Nearly all newborns are alert for about 2 hours after delivery and show interest in feeding right away. Let the hospital staff know that you plan to take advantage of this opportunity—it’s very important to the breastfeeding process. After 2 hours, many newborns are sleepy and hard to wake for the next day or so.

Keeping your baby with you skin to skin while in the hospital will make it easier for you to recognize hunger cues and easier for your baby to be alert and feed often. Watch for the early signs of hunger. This is the time to pick your baby up, gently awaken her, check her diaper, and try to feed her. (See Early Signs of Hunger.)

How can I tell if my baby is getting enough milk?

Here are several ways you can tell whether your baby is getting enough milk.

  • Your baby has frequent wet and dirty diapers.

  • Your baby appears satisfied after feeding.

  • Milk is visible during feedings (leaking or dripping).

  • Your baby is gaining weight after the first 4 to 5 days of life.

Your baby should have several wet or dirty diapers each day for the first few days after delivery. Beginning around the fifth day of life, the wet diapers should increase to 6 or more per day. At the same time, stools should start turning green, then yellow. There should be 3 or more stools per 24 hours. Typically, once breastfeeding is going well, breastfed babies have a yellow stool during or after each feeding. As your baby gets older, stools may occur less often and, after a month, may even skip a number of days. If stools are soft and your baby is feeding and acting well, this is quite normal.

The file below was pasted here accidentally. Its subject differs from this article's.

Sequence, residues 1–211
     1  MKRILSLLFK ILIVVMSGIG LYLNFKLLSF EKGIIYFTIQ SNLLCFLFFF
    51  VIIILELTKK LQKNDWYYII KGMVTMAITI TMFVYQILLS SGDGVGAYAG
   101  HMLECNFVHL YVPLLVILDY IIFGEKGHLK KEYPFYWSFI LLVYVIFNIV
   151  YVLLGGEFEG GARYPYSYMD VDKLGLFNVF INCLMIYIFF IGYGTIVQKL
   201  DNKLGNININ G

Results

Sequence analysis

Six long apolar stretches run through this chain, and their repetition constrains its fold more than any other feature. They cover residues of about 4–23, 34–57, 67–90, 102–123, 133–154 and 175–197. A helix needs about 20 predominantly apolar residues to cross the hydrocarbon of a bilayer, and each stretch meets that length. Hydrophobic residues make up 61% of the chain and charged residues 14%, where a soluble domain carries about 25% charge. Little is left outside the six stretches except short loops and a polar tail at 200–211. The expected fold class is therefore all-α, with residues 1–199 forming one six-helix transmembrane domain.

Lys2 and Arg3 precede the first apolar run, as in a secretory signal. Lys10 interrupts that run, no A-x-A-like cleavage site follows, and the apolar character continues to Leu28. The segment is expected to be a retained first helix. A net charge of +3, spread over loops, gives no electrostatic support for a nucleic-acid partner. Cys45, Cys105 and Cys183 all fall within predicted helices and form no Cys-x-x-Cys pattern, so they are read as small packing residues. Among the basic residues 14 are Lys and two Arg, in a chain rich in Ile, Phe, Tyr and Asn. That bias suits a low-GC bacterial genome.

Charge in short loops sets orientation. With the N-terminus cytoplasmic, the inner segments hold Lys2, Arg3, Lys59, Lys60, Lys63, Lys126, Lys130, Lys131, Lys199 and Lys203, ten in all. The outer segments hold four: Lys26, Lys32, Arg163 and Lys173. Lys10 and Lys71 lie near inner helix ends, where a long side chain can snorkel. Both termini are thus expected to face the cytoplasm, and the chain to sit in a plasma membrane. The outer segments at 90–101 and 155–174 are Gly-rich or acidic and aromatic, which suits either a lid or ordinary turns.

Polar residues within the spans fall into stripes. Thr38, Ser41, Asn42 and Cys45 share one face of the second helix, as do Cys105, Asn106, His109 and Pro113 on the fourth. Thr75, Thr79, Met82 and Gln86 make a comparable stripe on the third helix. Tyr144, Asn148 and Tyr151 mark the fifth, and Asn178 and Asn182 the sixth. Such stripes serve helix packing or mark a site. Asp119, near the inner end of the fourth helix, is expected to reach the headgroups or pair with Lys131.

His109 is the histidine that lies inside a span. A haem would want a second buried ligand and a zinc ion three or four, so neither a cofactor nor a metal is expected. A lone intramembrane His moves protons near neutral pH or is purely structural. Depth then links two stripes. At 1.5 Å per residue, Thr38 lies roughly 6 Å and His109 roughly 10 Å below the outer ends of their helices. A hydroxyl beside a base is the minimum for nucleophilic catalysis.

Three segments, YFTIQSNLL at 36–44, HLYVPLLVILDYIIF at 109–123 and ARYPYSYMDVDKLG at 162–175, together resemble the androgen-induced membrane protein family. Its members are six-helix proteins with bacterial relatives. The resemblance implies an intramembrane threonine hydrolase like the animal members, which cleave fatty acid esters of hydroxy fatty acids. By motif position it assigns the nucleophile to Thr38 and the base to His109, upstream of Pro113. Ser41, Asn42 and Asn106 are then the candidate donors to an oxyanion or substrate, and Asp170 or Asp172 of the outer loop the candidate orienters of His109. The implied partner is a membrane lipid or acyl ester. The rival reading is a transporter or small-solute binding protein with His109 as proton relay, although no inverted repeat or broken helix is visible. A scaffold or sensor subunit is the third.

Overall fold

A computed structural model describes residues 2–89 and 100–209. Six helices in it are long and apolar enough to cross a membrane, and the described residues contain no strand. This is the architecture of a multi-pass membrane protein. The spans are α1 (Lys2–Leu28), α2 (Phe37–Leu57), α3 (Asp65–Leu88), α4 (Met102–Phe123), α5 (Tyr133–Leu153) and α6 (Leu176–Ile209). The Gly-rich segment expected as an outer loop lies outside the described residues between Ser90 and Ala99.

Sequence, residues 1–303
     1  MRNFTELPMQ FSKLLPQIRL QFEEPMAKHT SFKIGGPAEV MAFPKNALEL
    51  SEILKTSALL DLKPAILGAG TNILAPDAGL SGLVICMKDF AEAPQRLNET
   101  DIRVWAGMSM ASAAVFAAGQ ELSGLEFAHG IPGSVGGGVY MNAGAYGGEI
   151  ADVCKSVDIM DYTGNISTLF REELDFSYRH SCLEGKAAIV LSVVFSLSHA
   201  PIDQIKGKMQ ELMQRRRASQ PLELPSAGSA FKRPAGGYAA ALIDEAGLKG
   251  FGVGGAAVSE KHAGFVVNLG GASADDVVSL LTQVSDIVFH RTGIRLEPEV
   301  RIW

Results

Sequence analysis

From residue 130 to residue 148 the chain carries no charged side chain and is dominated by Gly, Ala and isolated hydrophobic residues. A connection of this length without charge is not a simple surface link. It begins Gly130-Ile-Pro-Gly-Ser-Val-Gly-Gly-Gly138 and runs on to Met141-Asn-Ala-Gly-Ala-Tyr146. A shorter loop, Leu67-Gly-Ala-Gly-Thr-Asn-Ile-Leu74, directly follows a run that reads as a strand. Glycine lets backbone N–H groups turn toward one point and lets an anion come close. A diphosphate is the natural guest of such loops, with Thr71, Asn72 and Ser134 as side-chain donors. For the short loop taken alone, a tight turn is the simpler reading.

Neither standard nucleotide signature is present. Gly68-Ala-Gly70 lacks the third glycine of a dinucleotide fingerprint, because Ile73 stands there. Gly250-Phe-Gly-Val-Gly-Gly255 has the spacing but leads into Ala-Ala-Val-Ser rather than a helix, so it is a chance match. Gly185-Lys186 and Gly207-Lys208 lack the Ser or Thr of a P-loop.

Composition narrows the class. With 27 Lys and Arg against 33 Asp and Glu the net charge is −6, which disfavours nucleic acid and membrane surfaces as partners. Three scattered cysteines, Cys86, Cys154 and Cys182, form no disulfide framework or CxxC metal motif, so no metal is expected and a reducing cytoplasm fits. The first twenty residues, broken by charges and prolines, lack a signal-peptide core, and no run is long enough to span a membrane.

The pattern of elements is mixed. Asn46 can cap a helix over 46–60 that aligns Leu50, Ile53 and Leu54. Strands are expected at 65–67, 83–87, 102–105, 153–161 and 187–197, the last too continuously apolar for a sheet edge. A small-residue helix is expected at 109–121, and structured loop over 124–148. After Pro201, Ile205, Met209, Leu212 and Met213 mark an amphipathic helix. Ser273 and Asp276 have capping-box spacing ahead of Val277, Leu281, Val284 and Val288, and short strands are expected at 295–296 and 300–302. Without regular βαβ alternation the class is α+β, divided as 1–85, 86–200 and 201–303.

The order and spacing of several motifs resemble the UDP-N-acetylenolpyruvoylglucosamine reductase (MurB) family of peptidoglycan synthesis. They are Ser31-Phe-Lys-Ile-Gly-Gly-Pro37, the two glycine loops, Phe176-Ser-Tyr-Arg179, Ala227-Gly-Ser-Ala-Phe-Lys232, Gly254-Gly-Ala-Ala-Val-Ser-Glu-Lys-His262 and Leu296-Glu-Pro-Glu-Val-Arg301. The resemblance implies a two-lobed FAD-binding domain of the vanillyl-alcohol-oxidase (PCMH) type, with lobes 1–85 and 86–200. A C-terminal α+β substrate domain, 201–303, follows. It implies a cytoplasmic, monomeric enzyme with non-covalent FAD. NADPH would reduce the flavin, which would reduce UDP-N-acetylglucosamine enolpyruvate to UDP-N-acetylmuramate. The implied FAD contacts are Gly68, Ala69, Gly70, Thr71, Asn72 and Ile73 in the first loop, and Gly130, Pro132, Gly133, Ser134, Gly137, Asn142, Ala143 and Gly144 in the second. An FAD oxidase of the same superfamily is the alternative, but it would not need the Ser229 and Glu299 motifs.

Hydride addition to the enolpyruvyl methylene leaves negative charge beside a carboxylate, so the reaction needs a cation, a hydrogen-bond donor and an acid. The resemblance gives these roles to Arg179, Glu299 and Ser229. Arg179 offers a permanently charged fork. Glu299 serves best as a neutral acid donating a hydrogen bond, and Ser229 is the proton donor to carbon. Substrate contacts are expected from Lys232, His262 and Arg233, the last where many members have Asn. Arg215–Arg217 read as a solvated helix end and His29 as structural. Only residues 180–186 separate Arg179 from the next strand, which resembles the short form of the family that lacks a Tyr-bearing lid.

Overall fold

Your baby’s feeding patterns are an important sign that he is feeding enough. If you add up all the feedings over the course of the day, your baby should feed at least 8 to 12 times a day.

Remember, newborns feed often and will give cues or signs when they are ready to feed. The length of each feeding varies, and your baby will show signs when he is finished.

When feeding well with good latch-on, the newborn will suckle deeply, you will hear some swallowing, and the feeding won’t be painful. The baby should appear satisfied and/or sleep until time for the next feeding. If your baby sleeps for stretches of longer than 2 hours during the day or 4 hours during the night in the first 2 weeks, wake him for a feeding. If your baby will not wake enough to eat at least 8 times per day, call your pediatrician.

Your baby will be weighed at each doctor’s visit. This is one of the best ways to tell how much milk your baby is getting. The AAP recommends that babies be seen for an office visit (or home visit) between 3 to 5 days of age to check on breastfeeding and baby’s weight. During the first week, most newborns lose several ounces of weight, but they should be back up to their birth weight by the end of the second week. Once your milk supply is established and after the fourth or fifth day, your baby should gain between ½ and 1 ounce per day during the first 3 months.